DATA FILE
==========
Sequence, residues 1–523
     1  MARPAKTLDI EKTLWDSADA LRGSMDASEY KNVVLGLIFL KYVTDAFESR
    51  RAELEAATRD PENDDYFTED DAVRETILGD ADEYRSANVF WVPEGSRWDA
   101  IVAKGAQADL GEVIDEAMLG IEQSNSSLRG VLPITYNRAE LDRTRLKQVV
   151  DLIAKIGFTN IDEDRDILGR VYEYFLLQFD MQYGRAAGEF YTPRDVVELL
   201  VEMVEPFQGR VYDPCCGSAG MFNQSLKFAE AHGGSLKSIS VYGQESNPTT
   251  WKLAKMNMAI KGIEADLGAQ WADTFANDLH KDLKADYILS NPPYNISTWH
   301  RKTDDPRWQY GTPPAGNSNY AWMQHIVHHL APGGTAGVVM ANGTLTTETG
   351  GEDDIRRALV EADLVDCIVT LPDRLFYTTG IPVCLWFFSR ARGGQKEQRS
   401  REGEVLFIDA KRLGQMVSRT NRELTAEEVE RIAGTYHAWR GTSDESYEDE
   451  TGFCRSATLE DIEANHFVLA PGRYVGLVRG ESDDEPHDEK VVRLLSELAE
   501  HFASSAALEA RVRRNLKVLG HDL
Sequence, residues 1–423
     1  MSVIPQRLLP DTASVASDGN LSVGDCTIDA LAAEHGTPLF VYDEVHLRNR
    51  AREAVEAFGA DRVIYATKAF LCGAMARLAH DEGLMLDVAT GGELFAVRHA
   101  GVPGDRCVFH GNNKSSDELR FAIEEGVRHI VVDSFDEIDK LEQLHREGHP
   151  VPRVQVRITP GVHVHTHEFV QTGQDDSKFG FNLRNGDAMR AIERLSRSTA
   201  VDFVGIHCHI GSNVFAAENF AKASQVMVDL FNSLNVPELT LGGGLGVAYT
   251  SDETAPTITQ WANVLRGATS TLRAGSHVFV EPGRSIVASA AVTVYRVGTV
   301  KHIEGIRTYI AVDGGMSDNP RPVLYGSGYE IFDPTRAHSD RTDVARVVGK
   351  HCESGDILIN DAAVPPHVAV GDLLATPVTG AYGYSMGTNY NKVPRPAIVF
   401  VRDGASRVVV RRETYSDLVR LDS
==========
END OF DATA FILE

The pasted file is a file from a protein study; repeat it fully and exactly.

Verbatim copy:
Sequence, residues 1–523
     1  MARPAKTLDI EKTLWDSADA LRGSMDASEY KNVVLGLIFL KYVTDAFESR
    51  RAELEAATRD PENDDYFTED DAVRETILGD ADEYRSANVF WVPEGSRWDA
   101  IVAKGAQADL GEVIDEAMLG IEQSNSSLRG VLPITYNRAE LDRTRLKQVV
   151  DLIAKIGFTN IDEDRDILGR VYEYFLLQFD MQYGRAAGEF YTPRDVVELL
   201  VEMVEPFQGR VYDPCCGSAG MFNQSLKFAE AHGGSLKSIS VYGQESNPTT
   251  WKLAKMNMAI KGIEADLGAQ WADTFANDLH KDLKADYILS NPPYNISTWH
   301  RKTDDPRWQY GTPPAGNSNY AWMQHIVHHL APGGTAGVVM ANGTLTTETG
   351  GEDDIRRALV EADLVDCIVT LPDRLFYTTG IPVCLWFFSR ARGGQKEQRS
   401  REGEVLFIDA KRLGQMVSRT NRELTAEEVE RIAGTYHAWR GTSDESYEDE
   451  TGFCRSATLE DIEANHFVLA PGRYVGLVRG ESDDEPHDEK VVRLLSELAE
   501  HFASSAALEA RVRRNLKVLG HDL
Sequence, residues 1–423
     1  MSVIPQRLLP DTASVASDGN LSVGDCTIDA LAAEHGTPLF VYDEVHLRNR
    51  AREAVEAFGA DRVIYATKAF LCGAMARLAH DEGLMLDVAT GGELFAVRHA
   101  GVPGDRCVFH GNNKSSDELR FAIEEGVRHI VVDSFDEIDK LEQLHREGHP
   151  VPRVQVRITP GVHVHTHEFV QTGQDDSKFG FNLRNGDAMR AIERLSRSTA
   201  VDFVGIHCHI GSNVFAAENF AKASQVMVDL FNSLNVPELT LGGGLGVAYT
   251  SDETAPTITQ WANVLRGATS TLRAGSHVFV EPGRSIVASA AVTVYRVGTV
   301  KHIEGIRTYI AVDGGMSDNP RPVLYGSGYE IFDPTRAHSD RTDVARVVGK
   351  HCESGDILIN DAAVPPHVAV GDLLATPVTG AYGYSMGTNY NKVPRPAIVF
   401  VRDGASRVVV RRETYSDLVR LDS